Filtration is the life-blood of the tunnel aquaculture system: without it, the fish will live in a ‘soup of their own making’, and soon perish. No Recirculating Aquaculture System (RAS) can operate without an efficient and sufficiently large bio-filtration system. As with tunnel design, filtration systems have several essential components:
- There is no substitute for volume.
- Grow-out tanks must be ‘pumped into’, NOT ‘pumped out of’.
- Pumping must be limited to once only.
- Gravity flow should be used through the filter compartments.
- Sedimentation, followed by mechanical filtration, followed by biological filtration are the three essential stages in water reconditioning.
I have seen systems where every stage of the filtration process (there are usually three to four stages) is pumped. Not only does this massively increase set-up and running costs, but also the number of things that can go wrong. The most important first stage, sedimentation, or the removal of solid waste matter, is too often either ignored or incorrectly dealt with.
Solid waste must be disposed of before the effluent water enters the biological filter in which clear water –
but still laden with dissolved ammonia products – is cleaned by beneficial bacteria on a filter medium through which the water passes very slowly. The use of closed-unit swimming pool-type sand filters is a recipe for disaster: they block rapidly, need repeated back-flushing which, when neglected, results in solid matter clogging the bio-filter.
This results in channelisation, whereby the still-polluted water passes too rapidly through the bio-filter without being cleaned, and then pumps the ammonia-filled water back to the grow-out tanks. Result? At best, reduced growth of the fish, at worst 100% mortality.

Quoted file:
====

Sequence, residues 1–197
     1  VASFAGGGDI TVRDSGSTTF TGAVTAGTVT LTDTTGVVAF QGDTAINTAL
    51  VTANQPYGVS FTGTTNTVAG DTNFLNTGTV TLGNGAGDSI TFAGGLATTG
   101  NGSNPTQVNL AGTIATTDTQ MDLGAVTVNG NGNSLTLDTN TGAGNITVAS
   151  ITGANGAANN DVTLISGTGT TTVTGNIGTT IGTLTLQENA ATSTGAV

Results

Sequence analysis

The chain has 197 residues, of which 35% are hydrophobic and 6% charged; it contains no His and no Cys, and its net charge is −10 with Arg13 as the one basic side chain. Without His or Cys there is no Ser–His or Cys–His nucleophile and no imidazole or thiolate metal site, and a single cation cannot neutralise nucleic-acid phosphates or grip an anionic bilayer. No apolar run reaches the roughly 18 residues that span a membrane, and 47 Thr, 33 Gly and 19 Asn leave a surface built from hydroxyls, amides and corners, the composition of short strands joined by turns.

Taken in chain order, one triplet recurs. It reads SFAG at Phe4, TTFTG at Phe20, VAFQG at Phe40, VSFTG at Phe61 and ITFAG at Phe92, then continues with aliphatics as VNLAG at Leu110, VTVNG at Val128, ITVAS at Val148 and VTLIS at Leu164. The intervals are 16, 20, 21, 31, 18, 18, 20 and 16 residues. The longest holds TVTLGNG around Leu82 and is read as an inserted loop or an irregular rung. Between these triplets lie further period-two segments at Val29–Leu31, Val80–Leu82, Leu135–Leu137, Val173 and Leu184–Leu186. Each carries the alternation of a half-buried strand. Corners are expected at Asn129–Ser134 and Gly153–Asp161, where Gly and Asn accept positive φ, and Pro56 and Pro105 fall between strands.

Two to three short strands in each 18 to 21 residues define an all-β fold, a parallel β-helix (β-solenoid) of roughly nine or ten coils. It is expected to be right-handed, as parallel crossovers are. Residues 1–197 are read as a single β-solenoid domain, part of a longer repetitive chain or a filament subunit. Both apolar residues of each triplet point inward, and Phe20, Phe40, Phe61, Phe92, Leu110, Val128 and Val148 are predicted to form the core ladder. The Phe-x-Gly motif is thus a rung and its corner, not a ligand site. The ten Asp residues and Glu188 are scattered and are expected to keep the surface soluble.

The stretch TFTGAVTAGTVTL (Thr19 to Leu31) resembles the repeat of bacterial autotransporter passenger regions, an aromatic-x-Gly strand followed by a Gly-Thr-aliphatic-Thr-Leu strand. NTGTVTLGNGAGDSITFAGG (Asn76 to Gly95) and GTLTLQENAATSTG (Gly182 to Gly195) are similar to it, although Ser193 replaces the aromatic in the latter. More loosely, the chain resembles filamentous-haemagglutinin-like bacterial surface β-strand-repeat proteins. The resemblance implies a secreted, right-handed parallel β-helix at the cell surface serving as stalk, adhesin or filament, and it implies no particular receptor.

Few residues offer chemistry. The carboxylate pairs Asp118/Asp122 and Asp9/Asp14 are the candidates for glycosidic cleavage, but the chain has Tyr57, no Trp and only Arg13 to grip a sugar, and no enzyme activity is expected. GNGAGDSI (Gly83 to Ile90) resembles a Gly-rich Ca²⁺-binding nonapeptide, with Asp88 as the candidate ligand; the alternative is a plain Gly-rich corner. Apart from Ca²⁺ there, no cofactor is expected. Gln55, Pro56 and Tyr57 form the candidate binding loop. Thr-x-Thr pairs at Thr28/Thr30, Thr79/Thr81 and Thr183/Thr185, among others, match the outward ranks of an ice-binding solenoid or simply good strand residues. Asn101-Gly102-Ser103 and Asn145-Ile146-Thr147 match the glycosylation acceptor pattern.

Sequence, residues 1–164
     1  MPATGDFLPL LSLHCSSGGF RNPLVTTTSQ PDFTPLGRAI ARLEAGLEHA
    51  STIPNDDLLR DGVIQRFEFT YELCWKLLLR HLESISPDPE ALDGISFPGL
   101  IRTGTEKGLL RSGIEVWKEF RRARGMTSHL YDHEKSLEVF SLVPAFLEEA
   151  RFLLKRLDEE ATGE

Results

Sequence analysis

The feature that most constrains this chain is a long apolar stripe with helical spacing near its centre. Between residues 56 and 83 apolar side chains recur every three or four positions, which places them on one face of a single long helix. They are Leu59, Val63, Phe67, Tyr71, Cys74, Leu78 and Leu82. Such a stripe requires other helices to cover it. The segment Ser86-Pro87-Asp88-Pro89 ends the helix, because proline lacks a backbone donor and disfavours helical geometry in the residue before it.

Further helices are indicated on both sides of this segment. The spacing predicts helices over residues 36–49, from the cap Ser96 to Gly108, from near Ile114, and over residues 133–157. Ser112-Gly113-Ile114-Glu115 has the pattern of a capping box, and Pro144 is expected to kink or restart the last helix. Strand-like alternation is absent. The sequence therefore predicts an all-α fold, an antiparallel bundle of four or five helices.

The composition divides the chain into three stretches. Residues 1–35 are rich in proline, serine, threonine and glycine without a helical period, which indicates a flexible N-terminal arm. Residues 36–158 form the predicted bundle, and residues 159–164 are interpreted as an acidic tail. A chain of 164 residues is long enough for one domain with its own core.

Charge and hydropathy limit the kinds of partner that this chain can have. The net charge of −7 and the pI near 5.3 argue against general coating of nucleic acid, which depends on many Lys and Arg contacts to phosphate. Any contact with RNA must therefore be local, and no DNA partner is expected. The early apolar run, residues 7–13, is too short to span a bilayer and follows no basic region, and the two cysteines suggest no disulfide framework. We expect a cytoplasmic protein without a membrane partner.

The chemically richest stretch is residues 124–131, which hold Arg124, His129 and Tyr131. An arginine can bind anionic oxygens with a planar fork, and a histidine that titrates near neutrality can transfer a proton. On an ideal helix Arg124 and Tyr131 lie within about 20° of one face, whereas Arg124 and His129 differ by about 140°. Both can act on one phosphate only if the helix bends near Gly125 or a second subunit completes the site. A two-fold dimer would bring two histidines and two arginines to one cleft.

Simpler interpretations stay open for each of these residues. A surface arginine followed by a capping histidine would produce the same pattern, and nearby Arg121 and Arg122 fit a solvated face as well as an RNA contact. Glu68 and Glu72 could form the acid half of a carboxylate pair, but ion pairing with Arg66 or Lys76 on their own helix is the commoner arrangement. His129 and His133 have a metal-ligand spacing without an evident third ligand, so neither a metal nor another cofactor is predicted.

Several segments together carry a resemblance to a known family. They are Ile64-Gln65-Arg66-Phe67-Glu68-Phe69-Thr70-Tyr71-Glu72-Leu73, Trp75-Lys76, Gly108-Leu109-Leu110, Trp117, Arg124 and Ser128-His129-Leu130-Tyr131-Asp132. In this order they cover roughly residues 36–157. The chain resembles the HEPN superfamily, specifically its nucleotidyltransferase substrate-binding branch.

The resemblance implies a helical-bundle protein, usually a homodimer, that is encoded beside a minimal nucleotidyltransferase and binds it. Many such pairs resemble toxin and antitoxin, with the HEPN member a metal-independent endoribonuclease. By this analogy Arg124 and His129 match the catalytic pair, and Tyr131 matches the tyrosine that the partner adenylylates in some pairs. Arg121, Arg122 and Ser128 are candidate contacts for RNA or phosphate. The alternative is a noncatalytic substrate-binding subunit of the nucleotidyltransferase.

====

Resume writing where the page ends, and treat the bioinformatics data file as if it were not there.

Bio-drums, fluidised-bed filters, swirl-separators, sand pressure filters, tower trickle-filters and the like may look great, but are not appropriate in tilapia culture in Africa. Many of these designs may work well in marine clear-water systems such as in abalone culture systems, where neither elevated water temperature nor water volume is a limiting factor.
Air-locks, pump cavitation, power cuts, filter-clogging, electrical circuit failure, unavailability of spares – all these inevitably occur after 5pm on a Friday when no one is around, and can result in massive mortalities. This is critical when there are tons of near harvestable fish in the system that can die within 30 minutes after filtration failure.
Many system designers advocate circular plastic or fibreglass tanks for fish grow-out. These are invariably based on trout-culture systems, a totally different scenario from the tilapia which prefer warm water and are native to still-water conditions.
Circular tanks have some advantages:
- They are more easily assembled.
- They are generally self-cleaning if the inside bases are conically-sloped with a central drain.
- They can be moved if required.
- They are readily available.
However, circular tanks have several disadvantages:
- The waste of 40% of valuable floor space within the tunnel.
- Most are too deep (more than 1,2m). In tunnels the water is heated through the greenhouse effect where the sun sends energy to the earth’s surface in the form of light, which is absorbed and then reflected back as heat. This heat is then transferred to the water.
- Circular tanks made of thin-wall plastic or fibreglass have poor insulation properties.
- Some blue plastic liners are toxic to fish in the long term.
- They are easily damaged by the routines of catching and moving fish with nets.
- Thin-wall tanks are impossible to stand on the rim.
- ‘Catchability’ of fish in circular tanks is very difficult.
- Many circular tanks are black in colour: you can’t see the fish in a black tank!
- An alternative is a concrete-block system that can be built more shallow.
More on tank design and fish husbandry in the next article. Nicholas James is an ichthyologist and hatchery owner. Contact him at [email protected]. Please state ‘Aquaculture’ in the subject line of your email.